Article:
- The Washington Times - Thursday, June 1, 2000

Supporters of democracy in the Americas did not have much to celebrate yesterday. By failing to take a firm and united stance against the badly flawed election in Peru, the 35 nations in the Organization of American States (OAS) missed an opportunity to underpin the still fledgling democratic forces on the continent.

The United States had originally recommended Wednesday that OAS member countries challenge Peru's election by invoking a special resolution which addresses "an interruption of the democratic political institutional process." Later in the day, the United States withdrew its recommendation for lack of support from other OAS countries. This was quite unfortunate, since the resolution would have encouraged leaders in the Americas to keep future elections above board.

An OAS spokesperson tried to downplay the significance of the U.S. decision to drop its backing for the resolution, and maintained that foreign ministers from OAS countries still have an opportunity to support it when they meet in Windsor, Canada this Sunday through Tuesday. But the U.S. decision to backpedal augurs badly for its future success. Before publicly endorsing the resolution, the White House should have done the necessary groundwork to marshall support. The countries that refused to support it, meanwhile, stand most to blame. They lack the backbone to endorse a necessary resolution at a critical time.

Tensions in Peru began running especially high last week after Alejandro Toledo, challenger to incumbent President Alberto Fujimori, said he would drop out of the race if the election wasn't postponed. The OAS, meanwhile, said it would pull out its observer mission in Peru unless the country pushed back the presidential election at least 10 days to iron out irregularities. After Mr. Fujimori failed to endorse a postponement of the vote, it seemed clear that the country's electoral council, represented by Fujimori backers, wouldn't change the election date. By scoffing at the OAS' recommendation, Peru was headed for a collision with the United States.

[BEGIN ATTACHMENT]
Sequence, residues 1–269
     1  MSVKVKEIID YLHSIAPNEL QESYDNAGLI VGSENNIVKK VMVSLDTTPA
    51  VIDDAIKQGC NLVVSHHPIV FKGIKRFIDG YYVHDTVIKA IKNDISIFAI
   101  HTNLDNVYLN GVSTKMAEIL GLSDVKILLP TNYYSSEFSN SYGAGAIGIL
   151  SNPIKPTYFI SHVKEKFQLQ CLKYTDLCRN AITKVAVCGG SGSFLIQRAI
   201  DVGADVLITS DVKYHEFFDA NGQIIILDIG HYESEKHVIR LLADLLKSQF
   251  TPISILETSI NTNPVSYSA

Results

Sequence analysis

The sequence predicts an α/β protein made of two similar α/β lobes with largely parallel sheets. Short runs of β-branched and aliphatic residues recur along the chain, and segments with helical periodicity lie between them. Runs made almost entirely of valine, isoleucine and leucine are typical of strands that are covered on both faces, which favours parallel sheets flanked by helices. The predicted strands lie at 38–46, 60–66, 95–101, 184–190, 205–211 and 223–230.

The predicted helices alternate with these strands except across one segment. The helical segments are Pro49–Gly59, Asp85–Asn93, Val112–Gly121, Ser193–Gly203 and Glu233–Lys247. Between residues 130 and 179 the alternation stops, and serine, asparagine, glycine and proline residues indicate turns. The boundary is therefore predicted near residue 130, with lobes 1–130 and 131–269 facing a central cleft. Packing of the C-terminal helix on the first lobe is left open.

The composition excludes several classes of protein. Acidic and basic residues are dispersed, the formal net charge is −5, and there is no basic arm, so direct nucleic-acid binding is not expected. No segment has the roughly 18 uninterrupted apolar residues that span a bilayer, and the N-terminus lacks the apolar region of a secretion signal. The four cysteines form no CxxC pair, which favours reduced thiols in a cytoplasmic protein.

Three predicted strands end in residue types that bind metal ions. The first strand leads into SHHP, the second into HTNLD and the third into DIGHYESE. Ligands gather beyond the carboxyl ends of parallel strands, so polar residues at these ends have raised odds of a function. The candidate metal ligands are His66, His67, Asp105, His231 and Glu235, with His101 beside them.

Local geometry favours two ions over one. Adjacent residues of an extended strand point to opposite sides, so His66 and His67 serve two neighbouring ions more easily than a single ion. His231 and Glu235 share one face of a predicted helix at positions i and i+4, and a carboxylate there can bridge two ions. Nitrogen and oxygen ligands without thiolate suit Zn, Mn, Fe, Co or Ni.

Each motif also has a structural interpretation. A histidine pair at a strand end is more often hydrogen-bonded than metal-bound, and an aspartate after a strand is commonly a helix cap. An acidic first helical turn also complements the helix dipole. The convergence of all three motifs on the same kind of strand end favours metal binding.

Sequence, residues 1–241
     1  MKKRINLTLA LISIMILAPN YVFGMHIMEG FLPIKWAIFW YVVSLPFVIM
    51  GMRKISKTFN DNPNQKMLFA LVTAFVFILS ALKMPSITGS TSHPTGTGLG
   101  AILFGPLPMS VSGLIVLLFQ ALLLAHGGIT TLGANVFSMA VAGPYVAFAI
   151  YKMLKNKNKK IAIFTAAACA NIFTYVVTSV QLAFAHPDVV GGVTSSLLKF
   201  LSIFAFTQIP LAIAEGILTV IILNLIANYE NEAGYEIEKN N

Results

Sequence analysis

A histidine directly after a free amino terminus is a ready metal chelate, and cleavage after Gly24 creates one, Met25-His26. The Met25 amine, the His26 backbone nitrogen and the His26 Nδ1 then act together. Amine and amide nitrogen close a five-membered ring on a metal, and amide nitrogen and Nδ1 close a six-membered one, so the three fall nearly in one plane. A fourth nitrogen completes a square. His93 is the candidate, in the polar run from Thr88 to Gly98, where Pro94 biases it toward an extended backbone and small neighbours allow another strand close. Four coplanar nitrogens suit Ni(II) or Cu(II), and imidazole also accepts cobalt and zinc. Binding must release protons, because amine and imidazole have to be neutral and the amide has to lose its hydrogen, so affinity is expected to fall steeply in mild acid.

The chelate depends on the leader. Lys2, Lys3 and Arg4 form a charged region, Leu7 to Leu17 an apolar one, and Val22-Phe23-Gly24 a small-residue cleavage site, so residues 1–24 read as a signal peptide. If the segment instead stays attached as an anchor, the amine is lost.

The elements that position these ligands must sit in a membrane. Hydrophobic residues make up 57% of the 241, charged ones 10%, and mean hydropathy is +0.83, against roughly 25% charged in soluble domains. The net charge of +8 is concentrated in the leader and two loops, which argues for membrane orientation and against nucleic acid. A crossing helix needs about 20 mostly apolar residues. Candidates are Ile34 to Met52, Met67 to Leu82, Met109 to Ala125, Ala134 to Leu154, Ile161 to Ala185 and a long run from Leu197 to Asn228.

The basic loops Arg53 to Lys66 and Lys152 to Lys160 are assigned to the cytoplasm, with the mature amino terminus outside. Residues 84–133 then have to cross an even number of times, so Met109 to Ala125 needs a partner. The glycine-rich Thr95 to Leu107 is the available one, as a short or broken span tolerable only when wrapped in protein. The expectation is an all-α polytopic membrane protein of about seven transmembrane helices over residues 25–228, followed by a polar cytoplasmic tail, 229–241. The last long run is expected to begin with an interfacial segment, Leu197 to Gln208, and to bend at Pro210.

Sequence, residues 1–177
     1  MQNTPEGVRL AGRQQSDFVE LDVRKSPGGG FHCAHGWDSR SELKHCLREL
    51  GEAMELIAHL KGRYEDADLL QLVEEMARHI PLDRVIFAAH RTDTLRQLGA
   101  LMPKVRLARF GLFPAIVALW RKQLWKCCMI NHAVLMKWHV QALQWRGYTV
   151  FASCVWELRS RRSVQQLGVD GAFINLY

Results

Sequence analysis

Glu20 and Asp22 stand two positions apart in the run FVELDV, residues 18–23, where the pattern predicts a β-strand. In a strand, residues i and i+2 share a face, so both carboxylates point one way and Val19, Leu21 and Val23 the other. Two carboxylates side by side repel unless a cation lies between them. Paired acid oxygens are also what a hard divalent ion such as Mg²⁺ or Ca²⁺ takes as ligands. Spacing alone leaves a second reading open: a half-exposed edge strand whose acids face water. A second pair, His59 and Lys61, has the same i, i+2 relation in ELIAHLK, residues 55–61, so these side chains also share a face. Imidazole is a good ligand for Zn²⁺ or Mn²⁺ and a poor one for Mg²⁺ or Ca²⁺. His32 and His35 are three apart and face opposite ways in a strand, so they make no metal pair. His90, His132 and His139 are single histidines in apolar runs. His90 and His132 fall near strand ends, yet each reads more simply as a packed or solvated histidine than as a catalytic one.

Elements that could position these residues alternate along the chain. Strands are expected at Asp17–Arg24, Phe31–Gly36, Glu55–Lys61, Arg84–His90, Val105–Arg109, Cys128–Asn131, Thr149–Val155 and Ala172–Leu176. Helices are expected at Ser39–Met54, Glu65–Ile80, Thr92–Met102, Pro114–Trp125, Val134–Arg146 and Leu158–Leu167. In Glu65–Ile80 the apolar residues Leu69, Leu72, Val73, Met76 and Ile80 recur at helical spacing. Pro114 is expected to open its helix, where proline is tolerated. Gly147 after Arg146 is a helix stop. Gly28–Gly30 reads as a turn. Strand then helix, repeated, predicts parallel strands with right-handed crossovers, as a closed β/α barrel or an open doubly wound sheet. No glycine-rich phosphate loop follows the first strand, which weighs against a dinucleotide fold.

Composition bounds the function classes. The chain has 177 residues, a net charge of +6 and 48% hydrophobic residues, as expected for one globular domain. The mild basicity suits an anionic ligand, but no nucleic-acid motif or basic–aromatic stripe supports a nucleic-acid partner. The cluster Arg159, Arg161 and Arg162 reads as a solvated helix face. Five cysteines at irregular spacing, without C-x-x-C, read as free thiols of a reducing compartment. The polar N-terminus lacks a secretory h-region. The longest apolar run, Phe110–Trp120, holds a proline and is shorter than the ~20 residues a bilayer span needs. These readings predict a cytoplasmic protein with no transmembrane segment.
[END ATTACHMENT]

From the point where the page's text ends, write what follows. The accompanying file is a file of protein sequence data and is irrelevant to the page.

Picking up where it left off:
During his first two terms, Mr. Fujimori's economic reform program, public works projects and aggressive crackdown on rebels and narco-traffickers transformed his country into a security and economic success story. Now he is steering his country towards ruin.

Although the United States stands to lose a valuable ally in its war on drugs, the White House's decision to support the pro-democratic OAS resolution against Peru was the right one. With narco-terrorists steadily gaining ground in Colombia and Ecuador still reeling from January's coup attempt, Peru has provided a foothold for stability in the region. But the United States must be firm in rebuking Peru's underhanded presidential election.

While the White House had repeatedly turned a blind eye towards some of Mr. Fujimori's more authoritarian tactics, the Peruvian president crossed an inviolable line over the weekend by failing to win the OAS' stamp of approval on the election. The White House is correct in holding election day sacred, but Peru's election fiasco demonstrates that the United States must challenge other affronts to democracy.

Although the White House's support for the resolution against Peru was well-placed, its consensus building efforts clearly fell short. In the future, the administration should step up these efforts. The region must be united in keeping budding dictators at bay.

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